HIST 2381 Corruption, Collusion, and Commerce in Early America and the Caribbean (also AMST 2381, LATA 2381) (HB) (HA-AS, HST-AS) (HPE, HNA)
Tuesday and Thursday: 1:00-2:15
Professor Casey Schmitt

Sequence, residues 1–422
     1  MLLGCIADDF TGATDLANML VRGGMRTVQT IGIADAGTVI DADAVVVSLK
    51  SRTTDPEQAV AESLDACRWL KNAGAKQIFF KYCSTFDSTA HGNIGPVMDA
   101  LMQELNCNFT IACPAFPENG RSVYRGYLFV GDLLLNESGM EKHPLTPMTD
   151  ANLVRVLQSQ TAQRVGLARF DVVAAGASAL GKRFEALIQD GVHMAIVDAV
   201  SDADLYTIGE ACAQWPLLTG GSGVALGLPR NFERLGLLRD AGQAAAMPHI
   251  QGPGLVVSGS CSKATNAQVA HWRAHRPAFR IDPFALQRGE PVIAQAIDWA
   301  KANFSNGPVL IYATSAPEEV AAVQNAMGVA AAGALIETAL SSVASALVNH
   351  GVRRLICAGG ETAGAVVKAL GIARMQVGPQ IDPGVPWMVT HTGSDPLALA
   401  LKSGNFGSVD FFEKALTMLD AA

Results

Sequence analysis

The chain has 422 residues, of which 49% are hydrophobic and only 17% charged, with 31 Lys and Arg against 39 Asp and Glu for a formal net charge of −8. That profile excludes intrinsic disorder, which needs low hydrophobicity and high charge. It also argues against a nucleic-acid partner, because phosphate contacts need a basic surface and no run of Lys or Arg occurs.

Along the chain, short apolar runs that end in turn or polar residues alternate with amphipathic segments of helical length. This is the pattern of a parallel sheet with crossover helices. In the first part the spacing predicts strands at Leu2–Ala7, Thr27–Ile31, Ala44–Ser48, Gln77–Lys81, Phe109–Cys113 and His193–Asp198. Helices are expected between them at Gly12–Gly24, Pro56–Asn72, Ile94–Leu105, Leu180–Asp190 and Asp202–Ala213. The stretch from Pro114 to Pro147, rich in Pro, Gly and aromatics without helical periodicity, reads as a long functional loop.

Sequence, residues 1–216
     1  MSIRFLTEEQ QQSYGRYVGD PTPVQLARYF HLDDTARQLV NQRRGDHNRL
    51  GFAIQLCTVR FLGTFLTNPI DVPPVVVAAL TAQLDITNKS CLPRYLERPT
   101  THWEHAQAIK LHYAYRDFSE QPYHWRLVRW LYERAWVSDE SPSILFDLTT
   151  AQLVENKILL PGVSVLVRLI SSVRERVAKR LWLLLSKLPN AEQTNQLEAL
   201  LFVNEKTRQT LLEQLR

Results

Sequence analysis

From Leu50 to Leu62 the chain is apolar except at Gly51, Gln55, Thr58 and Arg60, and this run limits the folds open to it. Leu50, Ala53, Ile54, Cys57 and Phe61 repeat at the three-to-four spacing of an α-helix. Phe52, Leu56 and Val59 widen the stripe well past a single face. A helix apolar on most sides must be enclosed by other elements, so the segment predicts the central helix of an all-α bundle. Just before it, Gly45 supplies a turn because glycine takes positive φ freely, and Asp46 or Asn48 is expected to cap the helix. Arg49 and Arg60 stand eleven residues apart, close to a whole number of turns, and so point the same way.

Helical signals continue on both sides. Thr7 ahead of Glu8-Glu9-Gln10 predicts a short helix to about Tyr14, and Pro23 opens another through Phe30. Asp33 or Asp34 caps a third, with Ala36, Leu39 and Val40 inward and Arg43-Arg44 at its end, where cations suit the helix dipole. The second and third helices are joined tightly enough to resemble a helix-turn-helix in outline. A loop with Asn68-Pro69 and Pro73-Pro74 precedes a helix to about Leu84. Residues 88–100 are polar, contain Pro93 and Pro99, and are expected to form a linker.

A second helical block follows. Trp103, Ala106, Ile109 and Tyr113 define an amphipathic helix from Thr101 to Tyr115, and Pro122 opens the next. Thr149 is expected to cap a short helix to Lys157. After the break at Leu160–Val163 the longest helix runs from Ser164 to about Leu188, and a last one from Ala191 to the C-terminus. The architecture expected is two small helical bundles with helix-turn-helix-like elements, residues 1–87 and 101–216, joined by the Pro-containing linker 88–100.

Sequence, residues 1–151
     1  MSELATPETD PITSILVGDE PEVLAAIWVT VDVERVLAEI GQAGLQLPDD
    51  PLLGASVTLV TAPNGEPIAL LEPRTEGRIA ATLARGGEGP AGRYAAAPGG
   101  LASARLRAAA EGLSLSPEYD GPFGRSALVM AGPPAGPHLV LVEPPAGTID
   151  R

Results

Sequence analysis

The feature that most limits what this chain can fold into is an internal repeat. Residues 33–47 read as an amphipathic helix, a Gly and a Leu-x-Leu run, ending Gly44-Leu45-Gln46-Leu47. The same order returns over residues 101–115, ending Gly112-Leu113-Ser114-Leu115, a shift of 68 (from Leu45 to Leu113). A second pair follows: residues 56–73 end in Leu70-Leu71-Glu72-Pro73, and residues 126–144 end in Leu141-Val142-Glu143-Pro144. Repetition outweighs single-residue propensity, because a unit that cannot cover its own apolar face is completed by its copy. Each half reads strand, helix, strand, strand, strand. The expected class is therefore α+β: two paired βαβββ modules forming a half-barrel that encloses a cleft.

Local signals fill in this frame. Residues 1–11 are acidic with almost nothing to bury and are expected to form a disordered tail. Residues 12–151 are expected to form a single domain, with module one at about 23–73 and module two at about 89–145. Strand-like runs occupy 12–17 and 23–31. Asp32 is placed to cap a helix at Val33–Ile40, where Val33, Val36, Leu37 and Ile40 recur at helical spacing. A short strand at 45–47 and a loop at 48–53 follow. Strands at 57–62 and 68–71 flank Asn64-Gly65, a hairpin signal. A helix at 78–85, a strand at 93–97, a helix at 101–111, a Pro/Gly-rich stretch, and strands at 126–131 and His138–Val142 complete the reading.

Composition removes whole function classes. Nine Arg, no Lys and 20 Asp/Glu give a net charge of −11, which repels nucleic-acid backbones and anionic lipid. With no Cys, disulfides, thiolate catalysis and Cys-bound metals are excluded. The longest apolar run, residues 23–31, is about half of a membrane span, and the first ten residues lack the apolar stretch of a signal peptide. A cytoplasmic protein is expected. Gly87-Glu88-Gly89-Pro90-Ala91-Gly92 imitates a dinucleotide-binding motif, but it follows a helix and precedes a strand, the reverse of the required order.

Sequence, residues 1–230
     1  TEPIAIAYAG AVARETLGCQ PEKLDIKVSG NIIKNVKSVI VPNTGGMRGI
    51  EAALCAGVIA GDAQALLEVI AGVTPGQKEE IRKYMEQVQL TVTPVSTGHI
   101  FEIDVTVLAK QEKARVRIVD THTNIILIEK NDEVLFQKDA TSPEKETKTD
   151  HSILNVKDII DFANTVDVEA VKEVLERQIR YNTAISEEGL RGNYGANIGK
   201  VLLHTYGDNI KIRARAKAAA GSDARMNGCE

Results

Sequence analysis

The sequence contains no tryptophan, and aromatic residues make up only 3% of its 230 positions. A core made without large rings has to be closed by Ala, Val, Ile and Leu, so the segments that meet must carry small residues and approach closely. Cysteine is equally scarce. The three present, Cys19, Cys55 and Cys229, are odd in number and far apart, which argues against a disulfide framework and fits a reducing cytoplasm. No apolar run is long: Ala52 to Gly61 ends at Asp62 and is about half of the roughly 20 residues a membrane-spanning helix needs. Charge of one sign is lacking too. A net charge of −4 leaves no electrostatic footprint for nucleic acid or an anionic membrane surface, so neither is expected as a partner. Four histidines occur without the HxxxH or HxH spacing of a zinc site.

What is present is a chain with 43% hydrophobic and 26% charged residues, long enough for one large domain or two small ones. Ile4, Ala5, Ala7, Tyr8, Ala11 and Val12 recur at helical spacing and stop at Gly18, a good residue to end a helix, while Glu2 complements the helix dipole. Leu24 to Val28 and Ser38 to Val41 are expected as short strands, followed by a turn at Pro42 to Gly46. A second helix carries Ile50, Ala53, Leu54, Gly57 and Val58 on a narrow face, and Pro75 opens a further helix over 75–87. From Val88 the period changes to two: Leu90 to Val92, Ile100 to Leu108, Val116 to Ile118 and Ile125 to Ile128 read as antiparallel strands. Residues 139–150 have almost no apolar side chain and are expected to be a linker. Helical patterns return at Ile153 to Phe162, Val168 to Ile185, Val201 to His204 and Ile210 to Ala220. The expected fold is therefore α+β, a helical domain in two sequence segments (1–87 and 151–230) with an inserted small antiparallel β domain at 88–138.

Corruption in politics and economics has become a significant issue in the modern world. This course introduces students to the study of corruption and collusion from the perspective of early America and the Caribbean from 1500 through 1800. By examining the historical evolution of corruption, the course addresses questions such as: What is corruption and, by contrast, what is good governance? Who creates law and when is it enforced? Can societies be corrupt or only institutions? And, does economic corruption help or hurt financial development? Our readings and discussion will examine the intersection of politics, culture, gender, and economics. We will reflect on how early Americans understood corruption and collusion and what that can tell us about similar modern issues. In the end, the course focuses on the concept of corruption as a complex social function through the lens of bribery, piracy, sex crimes, and other forms of social deviancy.